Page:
The Oldest College Newspaper in Pennsylvania

The Lafayette

The Oldest College Newspaper in Pennsylvania

The Lafayette

The Oldest College Newspaper in Pennsylvania

The Lafayette

Arts community comments on end of actor’s strike

The SAG-AFTRA strike lasted 118 days and the WGA strike lasted 148 days. (Photo courtesy of NPR)

The historic SAG-AFTRA strike has reached a resolution as of Nov. 9 that, among other things, agreed upon increased wages, regulations around AI use and conditions for showing work on streaming platforms.

“First of all, my opinions are [that] it was good that there was a strike,” film and media studies professor Andrew Smith said. “I think that what the strike did was make more visible the labor difficulties that the industry was sort of counting on and exploiting … it’s been a long time coming.”

Mary Jo Lodge, head of the theater department, who works primarily on the stage through her own acting and teaching experience, had similar sentiments to Smith.

“I think during the strike, one thing that became apparent was just how many people and how many jobs the industry of making film and television supports and how many people were struggling that may not even benefit directly from the strike … so I think it’s great that it’s settled,” Lodge said.

Both professors agree that this is just the start of many changes that need to occur. They are hopeful that the strike, along with the writers strike and future actions will, create more positive working environments for students planning on entering the field.

“When you do this, you see the techniques are exposed,” Smith said. “Studio [executives] are literally saying these people will crumble, these people will cave because they can’t make their rent and … ultimately, you just have to make that stand. I do worry about the overarching sort of instability of the industry, but I think we have to take this as a win.”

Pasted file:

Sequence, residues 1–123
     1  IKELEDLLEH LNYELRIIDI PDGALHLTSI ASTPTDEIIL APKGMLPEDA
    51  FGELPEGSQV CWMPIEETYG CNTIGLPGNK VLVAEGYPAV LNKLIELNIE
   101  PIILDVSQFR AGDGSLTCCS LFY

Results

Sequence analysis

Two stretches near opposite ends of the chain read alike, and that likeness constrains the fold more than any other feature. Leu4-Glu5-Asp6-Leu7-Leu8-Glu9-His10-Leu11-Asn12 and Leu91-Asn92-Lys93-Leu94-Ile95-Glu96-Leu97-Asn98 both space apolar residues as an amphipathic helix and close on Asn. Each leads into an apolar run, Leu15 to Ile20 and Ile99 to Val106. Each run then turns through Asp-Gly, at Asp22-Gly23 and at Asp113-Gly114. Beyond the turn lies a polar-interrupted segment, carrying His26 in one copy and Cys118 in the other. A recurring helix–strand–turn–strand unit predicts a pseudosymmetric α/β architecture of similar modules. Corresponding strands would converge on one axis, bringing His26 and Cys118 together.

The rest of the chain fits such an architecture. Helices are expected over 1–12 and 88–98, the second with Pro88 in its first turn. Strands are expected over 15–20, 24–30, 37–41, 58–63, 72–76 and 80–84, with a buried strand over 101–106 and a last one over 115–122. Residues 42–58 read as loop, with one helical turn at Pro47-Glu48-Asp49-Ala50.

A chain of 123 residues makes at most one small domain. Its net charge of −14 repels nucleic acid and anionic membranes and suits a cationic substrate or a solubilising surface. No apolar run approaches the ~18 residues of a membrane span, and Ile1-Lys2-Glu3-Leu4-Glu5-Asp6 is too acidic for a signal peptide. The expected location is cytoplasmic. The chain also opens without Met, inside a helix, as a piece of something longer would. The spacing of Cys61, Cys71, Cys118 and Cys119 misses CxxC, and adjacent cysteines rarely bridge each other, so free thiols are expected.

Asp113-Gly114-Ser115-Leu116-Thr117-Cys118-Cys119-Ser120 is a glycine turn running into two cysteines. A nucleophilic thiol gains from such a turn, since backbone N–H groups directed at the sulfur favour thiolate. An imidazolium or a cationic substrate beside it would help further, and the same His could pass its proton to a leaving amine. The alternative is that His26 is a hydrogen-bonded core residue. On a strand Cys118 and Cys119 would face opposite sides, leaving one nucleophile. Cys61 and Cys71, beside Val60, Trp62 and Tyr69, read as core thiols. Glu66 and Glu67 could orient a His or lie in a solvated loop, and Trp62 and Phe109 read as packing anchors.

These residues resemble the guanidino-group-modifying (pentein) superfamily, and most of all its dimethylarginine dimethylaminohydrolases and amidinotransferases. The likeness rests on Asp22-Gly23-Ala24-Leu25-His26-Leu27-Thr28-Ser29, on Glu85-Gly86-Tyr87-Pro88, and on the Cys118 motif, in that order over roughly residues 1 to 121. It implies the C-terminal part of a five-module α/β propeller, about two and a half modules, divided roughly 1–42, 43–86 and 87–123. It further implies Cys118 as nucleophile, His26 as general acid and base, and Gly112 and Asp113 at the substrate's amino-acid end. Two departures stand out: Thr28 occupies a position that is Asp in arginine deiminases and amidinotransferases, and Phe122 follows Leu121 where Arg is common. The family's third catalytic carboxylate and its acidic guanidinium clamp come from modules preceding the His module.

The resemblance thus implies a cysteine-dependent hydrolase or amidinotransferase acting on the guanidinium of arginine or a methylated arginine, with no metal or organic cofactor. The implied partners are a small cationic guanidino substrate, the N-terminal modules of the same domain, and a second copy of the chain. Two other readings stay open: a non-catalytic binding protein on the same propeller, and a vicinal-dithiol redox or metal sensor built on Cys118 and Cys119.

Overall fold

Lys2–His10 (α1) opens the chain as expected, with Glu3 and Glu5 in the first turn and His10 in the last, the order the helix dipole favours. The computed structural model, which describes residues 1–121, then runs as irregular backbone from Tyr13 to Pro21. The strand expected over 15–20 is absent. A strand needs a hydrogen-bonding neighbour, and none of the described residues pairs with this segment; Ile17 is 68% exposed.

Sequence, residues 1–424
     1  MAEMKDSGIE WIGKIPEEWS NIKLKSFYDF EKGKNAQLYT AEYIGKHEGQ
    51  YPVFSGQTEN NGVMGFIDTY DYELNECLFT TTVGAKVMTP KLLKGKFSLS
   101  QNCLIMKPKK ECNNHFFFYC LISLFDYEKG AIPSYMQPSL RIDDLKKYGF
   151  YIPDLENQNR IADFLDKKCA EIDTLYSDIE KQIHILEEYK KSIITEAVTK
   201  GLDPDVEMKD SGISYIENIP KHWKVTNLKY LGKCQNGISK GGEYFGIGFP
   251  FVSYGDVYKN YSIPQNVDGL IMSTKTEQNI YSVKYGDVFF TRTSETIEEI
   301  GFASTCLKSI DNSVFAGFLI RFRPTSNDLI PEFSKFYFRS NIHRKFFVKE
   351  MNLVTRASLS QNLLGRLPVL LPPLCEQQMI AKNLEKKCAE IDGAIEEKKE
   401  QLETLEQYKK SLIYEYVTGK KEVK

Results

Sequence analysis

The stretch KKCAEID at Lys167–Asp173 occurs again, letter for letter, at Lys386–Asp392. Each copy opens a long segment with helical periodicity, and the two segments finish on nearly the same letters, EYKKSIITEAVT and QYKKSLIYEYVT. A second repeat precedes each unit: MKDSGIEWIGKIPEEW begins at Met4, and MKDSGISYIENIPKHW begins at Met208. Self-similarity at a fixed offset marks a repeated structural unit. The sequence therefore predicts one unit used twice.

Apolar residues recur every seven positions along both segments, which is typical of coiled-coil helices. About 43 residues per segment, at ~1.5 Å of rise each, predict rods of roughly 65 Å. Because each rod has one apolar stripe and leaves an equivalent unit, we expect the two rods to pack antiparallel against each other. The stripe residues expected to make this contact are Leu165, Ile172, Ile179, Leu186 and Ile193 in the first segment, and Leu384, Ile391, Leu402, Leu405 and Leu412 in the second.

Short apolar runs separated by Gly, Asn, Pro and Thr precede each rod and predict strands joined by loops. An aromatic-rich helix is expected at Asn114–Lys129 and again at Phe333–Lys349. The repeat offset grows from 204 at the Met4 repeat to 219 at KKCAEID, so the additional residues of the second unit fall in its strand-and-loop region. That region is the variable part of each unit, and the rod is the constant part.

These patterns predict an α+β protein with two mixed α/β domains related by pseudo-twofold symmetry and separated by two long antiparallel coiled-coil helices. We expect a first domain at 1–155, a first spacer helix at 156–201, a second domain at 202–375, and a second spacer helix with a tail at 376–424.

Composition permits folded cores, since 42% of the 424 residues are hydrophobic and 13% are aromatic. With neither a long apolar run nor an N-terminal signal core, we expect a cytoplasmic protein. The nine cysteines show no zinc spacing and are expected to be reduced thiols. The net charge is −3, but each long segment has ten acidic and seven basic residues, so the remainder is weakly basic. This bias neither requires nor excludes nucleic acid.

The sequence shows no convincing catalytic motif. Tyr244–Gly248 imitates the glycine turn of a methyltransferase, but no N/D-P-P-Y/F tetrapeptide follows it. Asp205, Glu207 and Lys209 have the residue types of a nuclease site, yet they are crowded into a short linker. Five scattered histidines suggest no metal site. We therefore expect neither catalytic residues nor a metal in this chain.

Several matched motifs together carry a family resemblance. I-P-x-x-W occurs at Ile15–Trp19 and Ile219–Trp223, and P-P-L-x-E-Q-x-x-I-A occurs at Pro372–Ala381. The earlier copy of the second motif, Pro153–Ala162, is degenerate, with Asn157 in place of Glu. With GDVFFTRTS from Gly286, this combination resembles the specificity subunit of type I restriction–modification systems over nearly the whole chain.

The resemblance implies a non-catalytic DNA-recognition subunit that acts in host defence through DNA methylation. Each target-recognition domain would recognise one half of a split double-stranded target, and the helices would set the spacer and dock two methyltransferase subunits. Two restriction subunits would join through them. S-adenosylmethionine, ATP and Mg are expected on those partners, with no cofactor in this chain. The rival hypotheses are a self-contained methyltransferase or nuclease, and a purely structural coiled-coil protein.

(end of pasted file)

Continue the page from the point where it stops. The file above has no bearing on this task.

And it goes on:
I think the actors got a lot of important and well-deserved things in the deal that they finally agreed to,” Lodge said. “I would say for me, the biggest things that jump out relate to money, to a fair financial deal, to the use of AI, which I think is probably the big one that everybody’s concerned about and then also the use of intimacy coordinators.”

Sam Cohen ‘25, a film and media studies student and the movie columnist for The Lafayette finds hope in the camaraderie that the actors and writers showed throughout the strike.

“I think it just shows me both with SAG-AFTRA and the WGA that … there’s really a sense of community,” Cohen said. “They stood by each other. They went on strike with each other. They waited. It just shows me that they’re willing to stand for what they deserve, and I think that’s impressive.”

The deals struck by SAG-AFTRA, WGA and major movie studios are scheduled to last three years, after which both writers and actors will have to renegotiate. 

In the meantime, both actors and writers can return to work, and viewers are anxiously awaiting the return of films and television series that are starting to resume production.

“You know, it gets the business back going,” Cohen said. “I’ve been reading that companies are scrambling to get crews and other effects companies to work on their projects … it’s nice to see that it’s a start.”

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Paige Mathieu
Paige Mathieu, Staff Culture Writer

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